“That’s when we realized this must be important,” he said.

Fesik, the Orrin H. Ingram II Professor of Cancer Research, solved the crystalline structure of the MYC-WDR5 interaction, and disrupted the interaction by changing a single amino acid in the MYC protein.

At that point, three other labs at Vanderbilt joined the effort to determine the functional significance of the interaction:

Zhongming Zhao, Ph.D., and colleagues in Biomedical Informatics performed the genomics analyses;

Christine Eischen, Ph.D., and colleagues in Pathology, Microbiology and Immunology developed mouse models to test the tumorigenicity of altered MYC proteins; and

Kevin Ess, M.D., Ph.D., and colleagues in Pediatric Neurology conducted stem cell experiments to get at the basic biology of the interaction.

“I’ve never been on a paper with this many authors (18 all told),” Tansey said. “I think it really does testify to the fact that (Vanderbilt is) a very collaborative environment.”

The research was supported in part by National Institutes of Health grants AG039164, NS078289, LM011177, CA148950 and OD006933.

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VICC’s Johnson to study cancer survivorship with immune inhibitor drugs Thu, 19 Mar 2015 18:25:19 +0000 Douglas Johnson, M.D., assistant professor of Medicine, has been named a recipient of the National Comprehensive Cancer Network  (NCCN) Foundation Young Investigator Awards.

The two-year grant will provide $150,000 in funding for his research on survivorship among cancer patients who receive drugs called immune checkpoint inhibitors.

Douglas Johnson, M.D.

Douglas Johnson, M.D.

The formal announcement of the grant awardees was made March 13 at the NCCN Annual Conference.

Johnson is the principal investigator of several clinical research trials at Vanderbilt-Ingram Cancer Center (VICC) for patients with melanoma.

“I am honored to receive this funding support from the NCCN Foundation,” said Johnson, who specializes in treating melanoma patients at VICC.

“This award will help us take the next steps in our research to more effectively use these new therapies for cancer patients.”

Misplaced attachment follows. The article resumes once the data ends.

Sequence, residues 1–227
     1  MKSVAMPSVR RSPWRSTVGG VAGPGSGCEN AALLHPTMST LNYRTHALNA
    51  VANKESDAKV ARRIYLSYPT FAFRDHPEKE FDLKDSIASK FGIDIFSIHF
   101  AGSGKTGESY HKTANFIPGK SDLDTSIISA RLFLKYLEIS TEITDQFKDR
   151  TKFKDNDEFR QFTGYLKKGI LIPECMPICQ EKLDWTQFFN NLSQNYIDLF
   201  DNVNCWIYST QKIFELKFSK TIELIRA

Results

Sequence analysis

Johnson’s mentors for this grant are Jeffrey Sosman, M.D., professor of Medicine and director of the VICC Melanoma and Tumor Immunotherapy Program, and Debra Friedman, M.D., E. Bronson Ingram Professor of Pediatric Oncology and director of Pediatric Hematology/Oncology.

Melanoma is the most lethal form of skin cancer and while early stage disease is treatable, for decades there were no effective therapies for advanced disease which does not respond well to chemotherapy.

Within the past few years, however, two new classes of treatments have been developed. These include new targeted therapies for melanoma tumors which harbor specific mutations.

For example, the BRAF gene is mutated in about half of all melanoma cases and new drugs have been developed which target BRAF.

VICC investigators were among the leaders of the clinical trials that tested these new targeted therapies.

In addition, immune checkpoint inhibitors are playing a major role in melanoma treatment.

These agents have now been approved and are in use in melanoma and are beginning to also show activity in other cancers (including cancers of the lung, kidney and bladder,  Hodgkin lymphoma, and others).

In contrast to most cancer treatments, immune checkpoint inhibitors may cause responses that last for years.

Johnson said the body’s immune system normally detects and addresses threats from invaders. But in many forms of cancer, the immune system is suppressed by proteins that put a brake on the immune response. New checkpoint inhibitor drugs can remove this braking effect and allow the immune system’s T-cells to identify and attack the malignant cells.

“These immunotherapies are producing promising and long-lasting responses in patients with melanoma and other cancers,” explained Johnson.